Back in August, the City of Philadelphia made headlines after their police department was busted using asset forfeiture procedures to pad city coffers. Now, officers in Michigan are under fire for targeting private citizens for forfeiture—without ever accusing those people of a crime.

Southwest Michigan residents and medical marijuana license holders Wally Kowalski and Thomas Williams both had their property ransacked and assets seized by officers over a year ago; neither men have been charged with a crime, but the police departments refuse to return their cash or belongings.

Kowalski has a license to grow and distribute medical pot to several low-income people who depend on the drug. He grows the plants in a garden area enclosed by a barbed wire fence.

But whether or not Kowalski had a legal right to grow mattered little to the state police, who seized his power generator—even though it had nothing to do with his marijuana plants—and some expensive equipment. They also destroyed the plants.

The police froze his accounts, rendering him unable to make payments on his student loans or other bills. And he could no longer complete the immigration process for his wife, a resident of Africa.

Thomas Williams, another southwest Michigan resident, suffered a similar ordeal. His medical marijuana activities prompted police to ransack his property while they left him handcuffed for 10 hours. The cops took his car, phone, TV, and cash. Afterward, he had no means of getting to the grocery store or even contacting another human being for days. Like Kowalski, he hasn’t been charged with a crime.

Fun fact: police officers ransacked Kowalski’s house for what we can only assume is evidence of his participation in a high-power midwestern drug cartel—but they didn’t confiscate his marijuana license.

It may seem odd that these men wish the police would just go ahead and charge them with something, anything, but as a practical matter it makes sense. Asset forfeiture hearings are largely controlled by prosecutors (whose offices benefit from the auctioning of seized property); if charged, Kowalski and Williams would be able to defend themselves in a court of law. As it stands, their livelihoods remain in limbo and their property remains a hostage.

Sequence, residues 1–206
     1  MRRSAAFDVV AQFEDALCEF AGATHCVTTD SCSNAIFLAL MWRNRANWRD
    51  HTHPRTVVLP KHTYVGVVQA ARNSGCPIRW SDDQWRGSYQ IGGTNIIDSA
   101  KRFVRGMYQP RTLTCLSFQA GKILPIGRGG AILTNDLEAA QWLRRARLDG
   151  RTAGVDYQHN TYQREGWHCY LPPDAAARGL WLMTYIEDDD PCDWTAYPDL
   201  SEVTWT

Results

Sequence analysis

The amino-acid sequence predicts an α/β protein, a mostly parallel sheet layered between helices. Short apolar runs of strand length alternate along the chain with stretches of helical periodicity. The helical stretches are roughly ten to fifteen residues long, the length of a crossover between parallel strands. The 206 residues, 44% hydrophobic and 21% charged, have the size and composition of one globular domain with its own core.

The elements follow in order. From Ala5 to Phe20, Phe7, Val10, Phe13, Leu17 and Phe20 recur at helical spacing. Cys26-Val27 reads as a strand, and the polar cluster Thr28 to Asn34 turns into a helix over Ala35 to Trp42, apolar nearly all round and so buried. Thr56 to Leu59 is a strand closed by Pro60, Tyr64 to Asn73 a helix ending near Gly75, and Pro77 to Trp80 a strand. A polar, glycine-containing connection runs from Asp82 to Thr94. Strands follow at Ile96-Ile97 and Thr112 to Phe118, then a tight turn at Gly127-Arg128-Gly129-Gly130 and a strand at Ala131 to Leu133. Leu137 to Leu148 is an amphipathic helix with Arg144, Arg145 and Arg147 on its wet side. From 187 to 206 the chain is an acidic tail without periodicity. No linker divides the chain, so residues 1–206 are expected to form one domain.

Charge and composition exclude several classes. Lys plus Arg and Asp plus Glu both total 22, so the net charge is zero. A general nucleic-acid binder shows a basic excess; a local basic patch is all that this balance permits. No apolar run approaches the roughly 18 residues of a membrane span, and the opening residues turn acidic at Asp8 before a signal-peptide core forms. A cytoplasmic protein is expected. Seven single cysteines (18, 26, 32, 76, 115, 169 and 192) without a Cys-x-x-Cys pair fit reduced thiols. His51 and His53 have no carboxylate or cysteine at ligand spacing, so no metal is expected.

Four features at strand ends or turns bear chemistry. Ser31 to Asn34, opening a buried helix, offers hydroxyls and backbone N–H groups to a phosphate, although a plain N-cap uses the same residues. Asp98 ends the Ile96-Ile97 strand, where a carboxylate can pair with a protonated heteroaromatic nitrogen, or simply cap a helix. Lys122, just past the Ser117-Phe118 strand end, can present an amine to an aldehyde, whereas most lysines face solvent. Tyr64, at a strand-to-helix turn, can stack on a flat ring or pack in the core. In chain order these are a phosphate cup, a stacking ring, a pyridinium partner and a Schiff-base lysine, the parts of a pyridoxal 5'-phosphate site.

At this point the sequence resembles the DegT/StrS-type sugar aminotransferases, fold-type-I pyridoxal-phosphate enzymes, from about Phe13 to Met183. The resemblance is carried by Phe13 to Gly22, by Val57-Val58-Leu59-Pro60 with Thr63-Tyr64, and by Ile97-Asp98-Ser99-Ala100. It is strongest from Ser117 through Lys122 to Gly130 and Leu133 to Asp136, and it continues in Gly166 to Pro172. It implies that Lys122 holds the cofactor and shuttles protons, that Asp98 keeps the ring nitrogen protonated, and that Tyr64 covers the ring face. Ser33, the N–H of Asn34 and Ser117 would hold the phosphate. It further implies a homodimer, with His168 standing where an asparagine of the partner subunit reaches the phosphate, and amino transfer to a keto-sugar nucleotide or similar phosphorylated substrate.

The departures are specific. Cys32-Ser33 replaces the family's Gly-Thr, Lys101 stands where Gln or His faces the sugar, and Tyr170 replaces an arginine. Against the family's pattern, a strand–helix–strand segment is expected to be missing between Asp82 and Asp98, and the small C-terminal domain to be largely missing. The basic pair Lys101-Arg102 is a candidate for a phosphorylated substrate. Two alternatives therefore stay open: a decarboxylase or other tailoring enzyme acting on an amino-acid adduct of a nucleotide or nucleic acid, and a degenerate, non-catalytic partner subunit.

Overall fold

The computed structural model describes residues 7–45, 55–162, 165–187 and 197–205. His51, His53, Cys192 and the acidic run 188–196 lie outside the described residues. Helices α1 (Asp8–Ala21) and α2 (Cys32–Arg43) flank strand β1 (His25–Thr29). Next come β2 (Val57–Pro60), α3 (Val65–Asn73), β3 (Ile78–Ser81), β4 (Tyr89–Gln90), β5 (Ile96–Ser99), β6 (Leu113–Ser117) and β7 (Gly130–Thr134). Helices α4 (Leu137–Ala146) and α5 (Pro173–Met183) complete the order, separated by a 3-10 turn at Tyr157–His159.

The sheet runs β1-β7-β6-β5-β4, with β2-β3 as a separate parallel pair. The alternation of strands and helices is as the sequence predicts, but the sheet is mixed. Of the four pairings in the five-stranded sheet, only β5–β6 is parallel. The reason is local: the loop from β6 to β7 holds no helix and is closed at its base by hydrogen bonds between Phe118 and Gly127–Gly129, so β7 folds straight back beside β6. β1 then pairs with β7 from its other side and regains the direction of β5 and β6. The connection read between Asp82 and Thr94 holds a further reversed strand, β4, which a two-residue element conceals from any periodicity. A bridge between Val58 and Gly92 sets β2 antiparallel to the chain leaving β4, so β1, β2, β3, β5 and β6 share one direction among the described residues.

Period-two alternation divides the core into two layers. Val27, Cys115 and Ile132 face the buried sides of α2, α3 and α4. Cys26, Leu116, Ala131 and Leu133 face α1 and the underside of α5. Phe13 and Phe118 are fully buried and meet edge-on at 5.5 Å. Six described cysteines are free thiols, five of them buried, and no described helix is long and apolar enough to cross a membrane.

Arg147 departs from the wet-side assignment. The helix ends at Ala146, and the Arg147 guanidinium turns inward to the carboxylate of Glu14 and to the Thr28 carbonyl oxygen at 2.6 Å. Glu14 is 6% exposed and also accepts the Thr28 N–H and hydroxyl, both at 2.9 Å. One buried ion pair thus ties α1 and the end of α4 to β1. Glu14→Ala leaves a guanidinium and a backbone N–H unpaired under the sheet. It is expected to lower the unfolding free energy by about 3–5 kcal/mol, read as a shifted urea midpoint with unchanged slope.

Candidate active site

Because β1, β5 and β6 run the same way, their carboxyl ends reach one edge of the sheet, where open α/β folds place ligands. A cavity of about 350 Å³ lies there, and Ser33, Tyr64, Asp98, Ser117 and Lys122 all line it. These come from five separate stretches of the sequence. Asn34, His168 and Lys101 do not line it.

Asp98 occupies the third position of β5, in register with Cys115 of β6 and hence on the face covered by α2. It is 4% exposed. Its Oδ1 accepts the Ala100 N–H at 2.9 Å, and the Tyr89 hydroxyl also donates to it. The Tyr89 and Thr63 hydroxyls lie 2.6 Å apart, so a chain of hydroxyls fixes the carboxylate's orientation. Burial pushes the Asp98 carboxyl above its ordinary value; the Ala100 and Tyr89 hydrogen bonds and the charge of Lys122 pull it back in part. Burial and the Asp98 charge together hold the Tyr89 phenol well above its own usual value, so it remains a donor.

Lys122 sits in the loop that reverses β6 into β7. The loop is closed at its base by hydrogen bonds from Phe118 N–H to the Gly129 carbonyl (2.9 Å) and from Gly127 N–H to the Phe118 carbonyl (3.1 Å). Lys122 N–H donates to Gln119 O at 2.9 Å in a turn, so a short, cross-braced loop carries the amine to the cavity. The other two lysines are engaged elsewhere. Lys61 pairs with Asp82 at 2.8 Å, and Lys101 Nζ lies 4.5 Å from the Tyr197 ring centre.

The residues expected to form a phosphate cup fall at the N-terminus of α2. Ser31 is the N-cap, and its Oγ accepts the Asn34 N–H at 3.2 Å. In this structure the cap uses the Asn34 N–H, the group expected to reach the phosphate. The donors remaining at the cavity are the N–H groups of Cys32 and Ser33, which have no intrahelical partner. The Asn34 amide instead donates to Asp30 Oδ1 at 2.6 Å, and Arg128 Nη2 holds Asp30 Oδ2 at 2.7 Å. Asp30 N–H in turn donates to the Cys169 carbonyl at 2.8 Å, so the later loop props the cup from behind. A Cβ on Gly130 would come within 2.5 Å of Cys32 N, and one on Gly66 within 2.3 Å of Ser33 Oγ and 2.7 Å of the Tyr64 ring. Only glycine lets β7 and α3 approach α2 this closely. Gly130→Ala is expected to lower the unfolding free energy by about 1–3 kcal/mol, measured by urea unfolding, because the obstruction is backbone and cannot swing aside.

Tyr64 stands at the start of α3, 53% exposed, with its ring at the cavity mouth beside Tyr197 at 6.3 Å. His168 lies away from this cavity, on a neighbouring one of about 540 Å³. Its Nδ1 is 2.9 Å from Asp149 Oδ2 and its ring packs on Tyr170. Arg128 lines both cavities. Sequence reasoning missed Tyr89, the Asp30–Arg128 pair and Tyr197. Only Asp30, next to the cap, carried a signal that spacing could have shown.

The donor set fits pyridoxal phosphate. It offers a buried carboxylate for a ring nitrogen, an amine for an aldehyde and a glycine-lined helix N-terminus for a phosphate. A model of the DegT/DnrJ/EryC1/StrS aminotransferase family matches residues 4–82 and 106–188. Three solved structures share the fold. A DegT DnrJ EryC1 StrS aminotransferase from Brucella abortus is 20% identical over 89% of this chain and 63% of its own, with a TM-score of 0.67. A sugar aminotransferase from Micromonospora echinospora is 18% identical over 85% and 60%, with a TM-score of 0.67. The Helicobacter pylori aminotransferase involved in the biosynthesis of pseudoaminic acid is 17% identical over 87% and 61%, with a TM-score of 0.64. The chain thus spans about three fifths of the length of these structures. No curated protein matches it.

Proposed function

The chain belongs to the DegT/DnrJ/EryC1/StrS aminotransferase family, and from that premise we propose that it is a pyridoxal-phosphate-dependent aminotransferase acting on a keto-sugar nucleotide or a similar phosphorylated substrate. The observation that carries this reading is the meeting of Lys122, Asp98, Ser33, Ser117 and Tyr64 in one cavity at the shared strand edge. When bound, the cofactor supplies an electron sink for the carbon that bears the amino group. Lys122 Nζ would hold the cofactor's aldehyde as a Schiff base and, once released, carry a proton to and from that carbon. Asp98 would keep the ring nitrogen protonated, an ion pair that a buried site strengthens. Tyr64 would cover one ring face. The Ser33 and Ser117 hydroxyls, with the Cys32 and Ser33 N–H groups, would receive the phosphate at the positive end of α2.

Michigan Capitol Confidential explains how asset forfeiture became a serious problem in Michigan:

Traditionally in Michigan, criminal fines were allocated to libraries, in part to avoid creating incentives that skew law enforcement more toward generating revenue than public safety. Asset forfeiture, however, is different. As a 2010 report from the Institute for Justice explained, “Law enforcement receives all proceeds of civil forfeiture to enhance law enforcement efforts, creating an incentive to pursue forfeiture more vigorously than combating other criminal activity.”

Those incentives contributed to more than $250 million in total forfeiture revenue being collected in Michigan since 2000. Reports from law enforcement agencies here show they collected over $20 million last year.

This has contributed to asset forfeiture becoming a revenue source for law enforcement agencies and big business in Michigan. Maj. Neill Franklin, a 34-year law enforcement veteran who led a drug enforcement team for the state police in Maryland, called the practice “extortion.”

“Today we’re taking property from people across this country and not charging them with crimes because we have no evidence on them that they are committing crimes,” said Franklin, who now serves as the executive director of LEAP (Law Enforcement Against Prohibition).

It’s not just a Michigan problem. Earlier this month, the New York Times exposed a disturbing trend of using police department “wish lists” to determine what sort of assets should be seized from suspected criminals. During seminars designed to train officers about forfeiture, attendees were instructed to focus on big screen TVs, cash, and nice cars; items like jewelry are computers are apparently too difficult to get rid of, according to instructors.

Note that in some states, officers are allowed to put seized items to personal use, which could explain why TVs and cars are seized, but marijuana licenses and other professional licenses are left alone. What we have here is policing for profit, and it might just be the single biggest threat to personal property rights in America.